Recreational and commuter biking have increased in recent years, making road safety more important than ever. Since 2007, bike commuting has almost doubled in the largest 50 of America’s cities largely due to the addition and/or improvement of bike lane and pathway infrastructure. Despite some motorists disdain for bicycles on the road, cycling to work benefits everyone. Not only does biking directly benefit cyclist by providing an entertaining source of exercise and numerous health benefits, but even those that don’t bike benefit from the resulting cleaner air.
North Carolina’s laws on bike safety are similar to those found in other states. Some apply to motor vehicle operators while others apply to cyclists. If you are driving a car, a vehicle may pass a bicyclist even in a no passing zone if the bicyclist is moving in the same direction, going straight, and not turning left. When passing the cyclist, the operator must either allow four feet of clearance to the left of the bike or move entirely into the left lane. If a driver of a car causes the cyclist to leave the lane to avoid a collision, the fine is $200.
However, if a crash results involving property damage, like a bent bike frame, or personal injury, like a broken leg, the fine increases to $500. Additionally, if there is more than $5,000 in property damage or serious injury, the driver will be fined $750. Avid bikers sometimes spend thousands of dollars on road bikes, so it may not be that difficult to be subject to the highest penalty available. However, $750 may be the least of a driver’s worries. The cyclist could sue for property damage and if the driver totaled the bike, they may be liable for thousands in damages. Further, if the driver was intentionally trying to crash the bike, you may be liable for tortious assault or criminal charges may be filed. A Texas man that ran two motorcyclists off the road was arrested for two counts of aggravated assault with a deadly weapon. He was eventually sentenced to 15 years in prison. The video can be seen here.
Failure to abide by the law can also increase your car insurance premiums. By law, failing to yield right-of-way to a bicycle can cost you four insurance points, more even than running through a stop sign or speeding in school zone. If you are wondering whether a bike has right-of-way in any given circumstance, just imagine it is a car and act accordingly.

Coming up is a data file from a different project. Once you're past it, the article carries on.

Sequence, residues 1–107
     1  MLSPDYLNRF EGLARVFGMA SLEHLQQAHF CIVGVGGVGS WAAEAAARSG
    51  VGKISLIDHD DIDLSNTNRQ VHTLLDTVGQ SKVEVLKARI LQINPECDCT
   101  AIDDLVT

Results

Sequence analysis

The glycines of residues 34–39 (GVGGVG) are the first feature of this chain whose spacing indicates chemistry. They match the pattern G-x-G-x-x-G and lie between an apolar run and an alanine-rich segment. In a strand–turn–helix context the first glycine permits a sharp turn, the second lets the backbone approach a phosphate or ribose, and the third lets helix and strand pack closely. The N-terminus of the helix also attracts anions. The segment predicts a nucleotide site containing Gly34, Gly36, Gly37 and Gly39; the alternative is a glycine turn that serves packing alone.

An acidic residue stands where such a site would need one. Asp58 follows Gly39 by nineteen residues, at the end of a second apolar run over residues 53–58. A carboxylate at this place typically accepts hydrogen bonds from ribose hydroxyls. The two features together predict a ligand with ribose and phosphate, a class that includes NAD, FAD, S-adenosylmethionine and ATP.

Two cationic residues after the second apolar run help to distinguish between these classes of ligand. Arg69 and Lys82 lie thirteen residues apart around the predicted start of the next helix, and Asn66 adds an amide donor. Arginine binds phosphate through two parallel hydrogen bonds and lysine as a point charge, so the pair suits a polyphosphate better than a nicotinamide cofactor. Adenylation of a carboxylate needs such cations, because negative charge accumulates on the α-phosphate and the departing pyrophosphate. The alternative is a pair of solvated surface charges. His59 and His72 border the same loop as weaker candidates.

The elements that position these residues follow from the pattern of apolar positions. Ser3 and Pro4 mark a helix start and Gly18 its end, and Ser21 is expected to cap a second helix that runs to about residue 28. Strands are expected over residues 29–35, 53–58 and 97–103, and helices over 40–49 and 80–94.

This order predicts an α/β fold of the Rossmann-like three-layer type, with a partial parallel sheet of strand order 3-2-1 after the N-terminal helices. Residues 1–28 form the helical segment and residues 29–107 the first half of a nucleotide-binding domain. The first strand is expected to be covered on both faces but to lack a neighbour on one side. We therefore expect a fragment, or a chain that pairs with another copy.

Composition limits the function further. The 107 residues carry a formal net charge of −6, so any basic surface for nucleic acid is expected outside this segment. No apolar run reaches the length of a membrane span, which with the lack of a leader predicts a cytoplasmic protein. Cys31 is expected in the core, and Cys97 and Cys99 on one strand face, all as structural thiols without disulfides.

For cyclists, there are also rules to abide by that protect their safety and the safety of the roadway and greenways. We have all seen bicyclists who don’t stop at stop signs or stop lights, but under North Carolina law, cyclists are required to obey the same rules of the road that apply to motor vehicles. My cyclist friends are rolling their eyes right now, because they’d like to see North Carolina enact a statute that allows what is called an “Idaho stop.” Currently, Idaho is the only state that allows cyclists to treat stop signs as yield signs and proceed through the intersection without stopping as long as no other cars are present. Idaho has seen a drop in bike-related accidents since enacting the law, but until such a law is passed in this state, cyclists are supposed to stop at stop signs, no matter how pointless they seem.
It may come as a surprise that bicycle racing is actually prohibited by law notwithstanding officially sanctioned bicycle races. During such events, however, bicyclists may get a reprieve from the usual rules of the road and bike freely throughout the course with no regard for stop signs and lights. Further, that post-race beer may be pretty tasty, but if a cyclist is planning on biking home, they’d be well advised to watch their intake. Cycling under the influence of drugs or alcohol is prohibited by law.
When it comes to equipment when riding at night, cyclists are required to have a reflector affixed to the rear of their bike. NC law also requires bikes to have front and rear lights for night riding. In lieu of a red rear light, a cyclist can wear a reflective vest that can be visible from 300 feet behind the bicycle. Safety vests generally cost less than $15 and some even come with pockets.
Just as car operators must signal their intent to turn, cyclists must as well. Left turns are indicated by the cyclist pointing to the left. Cyclists turning right should either use the traditional right turn signal by holding their left arm at a right angle or pointing with their right. When using public roadways, cyclists must drive in the right most lane available and as close as practicable to the right curb, except when passing another vehicle or preparing for a left turn.
As for children riding bikes, the Child Bicycle Safety Act applies. Head injuries are the leading cause of disability and death from bicycling accidents and that risk is significantly reduced by wearing a helmet. Any child under the age of 16, whether operating the bike or as a passenger, must wear a protective helmet. Any parent or legal guardian of a child who knowingly allows their child to ride a bike without a helmet or with a poorly fitting helmet is in violation of the law and subject to a fine and court costs. The minor fine of only $10 can be waived by the court if they receive proof the offending party has obtained a helmet and the child uses it.
Motorists and cyclists are increasingly interacting as more people take their bikes on the road. Major cities are making plans and adding more bike lines each year, but until our streets more resemble those of the Netherlands, these rules and laws are necessary.
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